Short, C.E., Shaw, S.G., Fisher, M.J., Gilleece, Y.C. and Walker-Bone, K. (2014) Comparison of peripheral forearm DXA and clinical risk factor screening using FRAX(R) to assess the risk of HIV-associated low bone mass: a cross-sectional study. Archives of Osteoporosis, 9 (181), 1-6. (doi:10.1007/s11657-014-0181-4). (PMID:24847675)

Record type: Article

Abstract

Summary

There is growing awareness that HIV infection is associated with low bone mass and fracture. DXA is a relatively scarce resource. Therefore, we evaluated two tools: peripheral DXA (pDXA) at the forearm and Fracture Risk Assessment Tool (FRAX®) to see which performed best at identifying men who should undergo DXA. In this setting, neither pDXA nor FRAX® showed good sensitivity and specificity for DXA.

Purpose

Infection with human immunodeficiency virus (HIV) is associated with an increased risk of low bone mineral density (BMD) and fractures. European guidance advocates screening using the FRAX® tool at diagnosis, on initiation of antiretroviral therapy and biannually thereafter in order to decide the need for DXA scanning. This cross-sectional study evaluates the performance of FRAX® and compares its sensitivity and specificity with that of another screening tool, peripheral forearm DXA (pDXA).

Methods

HIV-infected men with varying exposure to antiretroviral therapies were recruited. FRAX® scores were calculated for all participants and everybody underwent pDXA scanning. Femoral neck and lumbar spine BMD was acquired on a Hologic QDR machine by an assessor blinded to the results of the FRAX® and pDXA.

Results

One hundred and sixty-eight men (median age 45 years) were recruited with a median duration since HIV diagnosis of 74 months. In total, 21 % of subjects had either osteoporosis (aged ?50 years) or BMD lower than expected for age (aged <50 years), according to axial DXA. Using a pDXA screening threshold of T????0.9, sensitivity was high (91 %) in defining those with the worst BMD on axial DXA but with poorer specificity (33 %). Alternately, using a threshold of T????2.7 reduced sensitivity (34 %) with an increase in specificity (91 %). FRAX® with HIV included as a secondary risk factor had poor sensitivity (31 %) and specificity (74 %) for detecting those with the poorest BMD on axial DXA.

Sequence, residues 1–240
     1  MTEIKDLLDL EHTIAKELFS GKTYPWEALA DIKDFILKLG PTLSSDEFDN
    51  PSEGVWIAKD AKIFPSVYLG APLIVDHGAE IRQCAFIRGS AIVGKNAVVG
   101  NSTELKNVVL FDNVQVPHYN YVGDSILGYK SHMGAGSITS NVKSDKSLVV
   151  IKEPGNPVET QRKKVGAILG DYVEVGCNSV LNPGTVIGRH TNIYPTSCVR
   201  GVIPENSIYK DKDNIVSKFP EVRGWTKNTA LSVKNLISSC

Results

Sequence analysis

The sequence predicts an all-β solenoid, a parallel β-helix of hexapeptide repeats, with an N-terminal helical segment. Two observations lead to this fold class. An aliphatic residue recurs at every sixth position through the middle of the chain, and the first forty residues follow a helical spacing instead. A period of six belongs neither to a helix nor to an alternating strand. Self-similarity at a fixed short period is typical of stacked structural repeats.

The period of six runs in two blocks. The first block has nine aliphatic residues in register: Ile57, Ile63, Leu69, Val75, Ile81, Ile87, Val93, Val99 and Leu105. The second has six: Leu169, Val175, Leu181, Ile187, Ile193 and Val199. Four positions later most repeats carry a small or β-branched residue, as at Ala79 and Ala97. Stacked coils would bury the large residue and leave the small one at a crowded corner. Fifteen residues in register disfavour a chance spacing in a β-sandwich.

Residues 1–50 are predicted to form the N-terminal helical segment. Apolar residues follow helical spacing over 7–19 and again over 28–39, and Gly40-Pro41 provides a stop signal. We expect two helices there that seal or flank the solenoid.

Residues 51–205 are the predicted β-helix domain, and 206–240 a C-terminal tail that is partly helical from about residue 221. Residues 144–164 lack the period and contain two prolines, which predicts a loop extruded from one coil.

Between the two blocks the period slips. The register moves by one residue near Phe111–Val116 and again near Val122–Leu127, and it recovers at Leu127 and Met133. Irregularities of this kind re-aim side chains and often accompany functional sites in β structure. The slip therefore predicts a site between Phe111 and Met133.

Conclusion

In this setting, neither pDXA scanning nor FRAX® was sensitive and specific for low bone mass on DXA and neither was performance much improved by using both screening tools. Prospective studies with fracture as an outcome are required in HIV.

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More information

e-pub ahead of print date: 14 May 2014
Keywords: HIV, antiretroviraltherapies, FRAX®, pDXA, DXA, screening
Organisations: Faculty of Medicine

Identifiers

Local EPrints ID: 366372
URI: http://eprints.soton.ac.uk/id/eprint/366372
ISSN: 1862-3522
PURE UUID: f5d7e8f1-26d0-4be9-9907-b97dca711e71
ORCID for K. Walker-Bone: ORCID iD orcid.org/0000-0002-5992-1459

Catalogue record

Date deposited: 25 Jun 2014 14:39
Last modified: 10 Dec 2019 01:49

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Contributors

Author: C.E. Short
Author: S.G. Shaw
Author: M.J. Fisher
Author: Y.C. Gilleece
Author: K. Walker-Bone ORCID iD